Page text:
Zechariah

Luke 1:8-20 NRSV  Once when he was serving as priest before God and his section was on duty, he was chosen by lot, according to the custom of the priesthood, to enter the sanctuary of the Lord and offer incense.  Now at the time of the incense offering, the whole assembly of the people was praying outside.  Then there appeared to him an angel of the Lord, standing at the right side of the altar of incense.  When Zechariah saw him, he was terrified; and fear overwhelmed him.  But the angel said to him, “Do not be afraid, Zechariah, for your prayer has been heard. Your wife Elizabeth will bear you a son, and you will name him John.  You will have joy and gladness, and many will rejoice at his birth, for he will be great in the sight of the Lord. He must never drink wine or strong drink; even before his birth he will be filled with the Holy Spirit.  He will turn many of the people of Israel to the Lord their God.  With the spirit and power of Elijah he will go before him, to turn the hearts of parents to their children, and the disobedient to the wisdom of the righteous, to make ready a people prepared for the Lord.”  Zechariah said to the angel, “How will I know that this is so? For I am an old man, and my wife is getting on in years.”  The angel replied, “I am Gabriel. I stand in the presence of God, and I have been sent to speak to you and to bring you this good news.  But now, because you did not believe my words, which will be fulfilled in their time, you will become mute, unable to speak, until the day these things occur.”

Reflection

Luke is a master of irony throughout the Gospel of Luke and he gets right to it here at the start.  We begin with Zechariah, a priest of the order entrusted to care for the most Holy of Holies in the Temple.  There is no greater honor than that entrusted to those tasked with entering the Holy place to offer incense.  When Zechariah is chosen by lot to be the one, he is at the top of his game, the pinnacle of his priestly career; and one imagines him to be devout, attentive, and receptive to the presence and leading of the Spirit of God.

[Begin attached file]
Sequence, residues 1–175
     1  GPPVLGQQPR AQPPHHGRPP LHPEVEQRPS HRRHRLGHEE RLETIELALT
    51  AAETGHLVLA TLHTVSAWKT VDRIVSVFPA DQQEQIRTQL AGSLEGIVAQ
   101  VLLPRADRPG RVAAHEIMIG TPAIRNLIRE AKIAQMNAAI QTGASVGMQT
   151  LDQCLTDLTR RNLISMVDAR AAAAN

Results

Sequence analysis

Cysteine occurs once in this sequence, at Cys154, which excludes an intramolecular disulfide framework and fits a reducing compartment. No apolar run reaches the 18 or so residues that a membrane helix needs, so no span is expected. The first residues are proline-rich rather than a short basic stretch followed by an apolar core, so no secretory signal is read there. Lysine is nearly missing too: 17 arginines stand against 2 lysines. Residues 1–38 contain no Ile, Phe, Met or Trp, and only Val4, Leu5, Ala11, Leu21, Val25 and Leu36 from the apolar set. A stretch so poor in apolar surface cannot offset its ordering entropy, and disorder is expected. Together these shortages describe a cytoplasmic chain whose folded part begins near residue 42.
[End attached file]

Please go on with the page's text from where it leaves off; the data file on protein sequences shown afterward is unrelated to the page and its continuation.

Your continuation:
He is aware that when he gets into the sanctuary of the Lord he is not alone!  A messenger appears and Zechariah is understandably terrified.  The angel says what all angels say, “Fear not!”  Then Zechariah is given an astonishing piece of news – Elizabeth is pregnant and with a child that God intends to use in powerful ways to reshape the people of God.  He is incredulous – he is ancient, she is past menopause.  How is it possible for her to be pregnant?

Then an odd thing happens.  Gabriel causes Zechariah to become mute until the child is born.  The priest who is at the height of his career – the guy who is entrusted with the most holy tasks and who is expected to bear witness to what he has experienced – is left mute.  His witness communicated in charades.

And yet, while the great priest is left to gesture in frustration, his wife – someone who would never be allowed into the most holy sanctuary - has in her very person a growing witness to the extraordinary grace and power of God.  The woman who had no voice in the structures of the Temple is given an undeniable miracle, which cries out into the wilderness of her time and place, “With God, nothing is impossible!”

Our creed says that the Spirit of God helps us to “...hear the voices of those long silenced.”  Indeed!  God can and will use those people we so easily write off as having nothing to say.  We do well to remember that God is always choosing the losers, the dispossessed, the marginalized, the disenfranchised, the uneducated and the poor to be God’s servants and witness bearers; and if we want to receive the good news of God’s redemption, we will want to look to them as often as we look to our religious leaders for the message they will bring.

Prayer
God in whose kingdom we imagine there will be only music and silence, you have always spoken your powerful word out of the divine silence.  So instill in us a love of silence.  Guide us to listen more deeply and to those we formerly dismissed, that we might catch sight of the surprising ways you continue to declare your love for all of creation.  In the name of the Father and of the Son and of the Holy Spirit.  Amen.